Discussing which features you might want in a barbecue, a friend of mine stated a ceramic grill is the only way to go.
This friend must have spent as much money on barbecues as the total gross domestic product of a small emerging nation, so you have to believe him.
Side burners are OK, a thermometer is OK and even if it had a CD player that would be great … but a ceramic grill is the must-have.
Metal grills will eventually rust and your food will taste as if your kid made it in shop class.
This same buddy, Steve, unequivocally stated, and I quote, “Chicken is the ONLY thing to barbecue … unless, of course, you have halibut.” Having recently returned from a trip to Thailand, his current favourite recipe is Chicken Satay.
Satay is just meat on a skewer, but we can spice it up a little with fairly common kitchen ingredients. It is easy to make and, as a bonus, you can buy locally raised meat birds. Otherwise, store-bought will still get the job done.
To begin, cut a pound of chicken tenderloin or breasts into long thin strips and weave them onto skewers.
The key to the Thai taste is the marinade: Mince up two cloves of garlic, a stalk of lemon grass and a seeded jalapeño pepper.
Add a pinch of sugar, a pinch of turmeric, a double pinch of ground coriander and a dash of black pepper.
Pound the whole lot into a paste using a mortar and pestle. If you just so happen not to have a mortar and pestle (I know I couldn’t find one), use a glass bowl and the back of a wooden spoon.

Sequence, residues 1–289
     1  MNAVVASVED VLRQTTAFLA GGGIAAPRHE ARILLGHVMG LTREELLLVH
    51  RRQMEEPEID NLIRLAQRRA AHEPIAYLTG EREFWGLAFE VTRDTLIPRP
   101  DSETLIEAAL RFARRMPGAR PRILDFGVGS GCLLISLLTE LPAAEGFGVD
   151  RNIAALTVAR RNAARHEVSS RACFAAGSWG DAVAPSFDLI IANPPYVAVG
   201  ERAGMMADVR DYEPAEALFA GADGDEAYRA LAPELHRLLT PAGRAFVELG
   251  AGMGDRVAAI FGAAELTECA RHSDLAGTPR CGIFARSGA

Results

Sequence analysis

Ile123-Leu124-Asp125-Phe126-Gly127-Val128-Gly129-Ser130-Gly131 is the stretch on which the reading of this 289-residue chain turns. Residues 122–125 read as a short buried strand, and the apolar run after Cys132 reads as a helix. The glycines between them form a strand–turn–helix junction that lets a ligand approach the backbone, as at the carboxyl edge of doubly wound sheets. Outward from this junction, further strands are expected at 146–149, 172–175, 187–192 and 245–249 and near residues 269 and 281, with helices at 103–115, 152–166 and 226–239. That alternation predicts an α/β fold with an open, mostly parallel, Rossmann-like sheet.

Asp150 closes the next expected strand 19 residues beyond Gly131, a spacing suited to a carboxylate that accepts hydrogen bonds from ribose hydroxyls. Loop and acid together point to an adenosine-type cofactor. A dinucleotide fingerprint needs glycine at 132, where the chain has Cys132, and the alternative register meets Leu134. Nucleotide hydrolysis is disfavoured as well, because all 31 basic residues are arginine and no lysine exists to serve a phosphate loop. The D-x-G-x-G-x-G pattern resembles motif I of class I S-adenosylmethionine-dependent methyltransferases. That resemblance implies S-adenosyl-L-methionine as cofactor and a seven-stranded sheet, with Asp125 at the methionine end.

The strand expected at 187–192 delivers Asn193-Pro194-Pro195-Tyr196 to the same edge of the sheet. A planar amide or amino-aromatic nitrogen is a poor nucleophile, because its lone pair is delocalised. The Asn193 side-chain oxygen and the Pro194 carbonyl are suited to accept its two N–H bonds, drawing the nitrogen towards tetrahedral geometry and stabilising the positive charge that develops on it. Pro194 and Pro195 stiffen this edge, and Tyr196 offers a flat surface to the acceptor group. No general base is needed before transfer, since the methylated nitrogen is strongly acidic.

Stir in ¾ cup of coconut milk, three tablespoons of fish or soy sauce and two tablespoons of lime juice.
Generally speaking, fresh cilantro is used as a garnish but if you love cilantro, mix it in with the marinade and the flavour will really develop.
Pour the marinade over the prepared skewers, cover and place the dish in the fridge for 20 minutes; turn them over once or twice.
In the meantime, as always, clean your barbecue grill and coat it with a little vegetable or olive oil to prevent your meat from sticking.
With the heat on high, cook the satay sticks for one to two minutes per side depending on how thick or thin the chicken has been sliced.
On the subject of skewers, there are basically two ways you can go: bamboo or metal.
Bamboo skewers must be soaked overnight and have a tendency to ignite, which may or may not add to the ambiance of the evening but are always a great addition to year-end hockey parties.
Metal skewers, on the other hand, will not burn but they must be cleaned after each use. My buddy Steve had designer metal skewers made especially for lamb, but that’s another story.
One last hint for any unruly chicken bits: use two skewers beside each other through the pieces so that when you flip them over they do not just spin around. This system will work on any meat, fish or vegetable that gaily spins on its skewer, causing it to overcook on one side.
And remember: buy locally when in season.